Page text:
Jean-Claude Juncker, the European Commission’s President-designate, has urged national governments to appoint more women in his new team of commissioners, and promised to reward those that do so with a big portfolio or vice-presidency.
The former Luxembourg Prime Minister was nominated by EU heads of state on 27 June to become the next President of the European Commission, despite staunch opposition from Britain.
He will begin negotiations with governments on the distribution of portfolios after the European Parliament confirms him in a vote on Tuesday (15 July).
“He is very worried about the fact that, of all the names circulating, almost all of them are men,” a source close to Juncker told EURACTIV. “He has been expressing his concern systematically in all talks with heads of state or government over the past weeks.”
So far, only a handful of governments have announced their nominees to take the Brussels post, and all are men. Amongst them are Jyrki Katainen (Finland), Maroš Šefcovic (Slovakia), Günther Oettinger (Germany), Radoslaw Sikorski (Poland) and Johannes Hahn (Austria). Britain is most likely to nominate Andrew Lansley, EURACTIV reported earlier, and most nominees expected from other countries also are men.
A few women’s names are circulating but none are confirmed. The Italian foreign affairs minister, Federica Mogherini, could move to Brussels while the outgoing Bulgarian Commissioner Kristalina Georgieva is expected to renew her mandate. Belgium might nominate the centre-right MEP Marianne Thyssen, and Greece eyeballs former foreign minister Dora Bakoyannis.
Outside the Commission, the current Danish prime minister Helle Thorning-Schmidt is tipped as future President of the European Council to replace Herman Van Rompuy.
But unless a significant number of other governments put forward women, the next College of Commissioners is likely to be a man’s world.
“Juncker does not believe a Commission with only two or three women would be credible or legitimate,” the source said.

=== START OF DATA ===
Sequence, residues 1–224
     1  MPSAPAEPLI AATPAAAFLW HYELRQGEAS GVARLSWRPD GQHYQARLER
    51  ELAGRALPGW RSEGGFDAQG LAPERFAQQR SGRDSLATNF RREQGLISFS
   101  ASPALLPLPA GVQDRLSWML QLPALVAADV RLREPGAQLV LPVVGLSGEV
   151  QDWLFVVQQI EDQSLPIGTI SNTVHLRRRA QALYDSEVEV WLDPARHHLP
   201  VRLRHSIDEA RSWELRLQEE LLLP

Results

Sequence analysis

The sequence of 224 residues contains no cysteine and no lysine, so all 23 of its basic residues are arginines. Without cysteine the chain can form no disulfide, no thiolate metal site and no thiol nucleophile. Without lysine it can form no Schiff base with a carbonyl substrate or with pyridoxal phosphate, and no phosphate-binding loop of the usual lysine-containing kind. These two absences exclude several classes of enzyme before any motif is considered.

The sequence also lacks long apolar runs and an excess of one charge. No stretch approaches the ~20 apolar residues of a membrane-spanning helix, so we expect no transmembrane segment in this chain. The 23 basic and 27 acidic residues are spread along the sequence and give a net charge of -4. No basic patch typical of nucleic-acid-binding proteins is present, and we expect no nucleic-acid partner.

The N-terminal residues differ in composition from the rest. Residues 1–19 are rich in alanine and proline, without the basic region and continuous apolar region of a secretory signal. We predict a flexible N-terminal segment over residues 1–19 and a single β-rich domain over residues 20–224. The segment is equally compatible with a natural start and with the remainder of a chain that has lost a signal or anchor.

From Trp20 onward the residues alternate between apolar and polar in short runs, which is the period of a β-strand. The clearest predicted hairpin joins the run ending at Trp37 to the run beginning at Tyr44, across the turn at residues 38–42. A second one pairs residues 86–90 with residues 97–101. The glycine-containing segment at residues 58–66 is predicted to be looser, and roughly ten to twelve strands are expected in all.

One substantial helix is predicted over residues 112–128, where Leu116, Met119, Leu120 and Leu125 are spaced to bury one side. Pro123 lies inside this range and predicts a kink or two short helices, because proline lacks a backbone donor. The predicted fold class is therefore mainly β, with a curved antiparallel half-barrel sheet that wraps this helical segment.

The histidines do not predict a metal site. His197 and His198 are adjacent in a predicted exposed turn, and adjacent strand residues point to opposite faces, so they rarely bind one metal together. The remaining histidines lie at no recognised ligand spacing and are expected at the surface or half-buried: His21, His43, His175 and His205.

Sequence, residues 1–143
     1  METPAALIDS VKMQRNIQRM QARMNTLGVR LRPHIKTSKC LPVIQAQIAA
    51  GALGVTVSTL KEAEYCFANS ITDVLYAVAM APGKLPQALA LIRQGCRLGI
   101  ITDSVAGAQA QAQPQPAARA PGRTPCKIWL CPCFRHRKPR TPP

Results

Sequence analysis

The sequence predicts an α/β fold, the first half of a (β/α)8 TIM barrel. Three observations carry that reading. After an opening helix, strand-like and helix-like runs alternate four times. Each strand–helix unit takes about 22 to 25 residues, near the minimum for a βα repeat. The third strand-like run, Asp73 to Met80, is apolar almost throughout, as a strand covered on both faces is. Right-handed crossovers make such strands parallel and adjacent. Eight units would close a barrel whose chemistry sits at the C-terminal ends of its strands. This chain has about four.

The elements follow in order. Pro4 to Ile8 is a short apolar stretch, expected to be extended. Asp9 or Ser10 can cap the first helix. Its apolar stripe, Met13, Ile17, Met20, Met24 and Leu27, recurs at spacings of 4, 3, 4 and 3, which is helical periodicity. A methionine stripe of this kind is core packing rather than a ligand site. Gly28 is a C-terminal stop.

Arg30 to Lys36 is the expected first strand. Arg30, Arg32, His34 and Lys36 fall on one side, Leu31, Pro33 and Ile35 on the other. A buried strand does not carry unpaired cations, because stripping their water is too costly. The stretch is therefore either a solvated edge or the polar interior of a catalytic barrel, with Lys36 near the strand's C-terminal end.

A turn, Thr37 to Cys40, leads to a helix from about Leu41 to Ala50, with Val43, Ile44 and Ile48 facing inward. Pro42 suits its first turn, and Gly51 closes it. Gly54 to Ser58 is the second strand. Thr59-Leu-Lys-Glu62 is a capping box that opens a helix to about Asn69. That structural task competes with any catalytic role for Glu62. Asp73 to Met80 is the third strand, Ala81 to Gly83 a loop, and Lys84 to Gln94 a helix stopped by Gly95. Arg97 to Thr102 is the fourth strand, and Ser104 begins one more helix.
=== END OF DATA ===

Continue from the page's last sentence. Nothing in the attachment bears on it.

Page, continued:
Juncker is now luring national governments to opt for women nominees. “Governments who are willing to propose qualified female Commissioners can expect to be rewarded with important portfolios and/or Vice-Presidents,” according to the source.
Gender disparity could threaten Parliament’s confirmation
Formally, the full list of Commissioners will be adopted by the EU heads of state, in consultation with the new president of the EU executive. Next Wednesday (16 July), they will gather for the first time to discuss the appointments at an EU summit in Brussels. Juncker has asked them to put forward options, including names and their portfolios, in order to complete the puzzle.
Commissioners will then appear at individual hearings before the European Parliament committees in September before the full Parliament holds a vote to approve or reject the new team as a whole.
Juncker toured the EU Parliament over the past two days, holding meetings with all parliamentary groups to discuss his programme and build a majority for his own election vote.
Speaking to the socialist faction in the EU Parliament on Tuesday (8 July), he repeated his call for gender balance, saying he “will fight for a strong representation of women in the Commission”.
“It is difficult to imagine that the Parliament would accept a Commission with fewer female Commissioners than the current one,” Juncker’s spokesperson told EURACTIV on Wednesday (9 July). The last EU Commission included only nine women out of 28 Commissioners.
In Parliament, MEPs are also urging national governments to ensure gender balance in the new Commission.
“The president supports Juncker in his endeavours to increase the number [of female commissioners]. It is certainly insufficient. The EU is discussing quota for female representation in corporate boards or bodies; it should ensure its own parity, too,” said the spokesperson of Martin Schulz, the EU Parliament president.
The Parliament itself has an overall gender balance of 37% female MEPs and 63% male MEPs. This is just slightly better than the last EU Parliament (35% women versus 65% men).
>> See our infographic: ‘Who is who in the European Parliament’
* This article was updated on 10/7/2014, 14:30.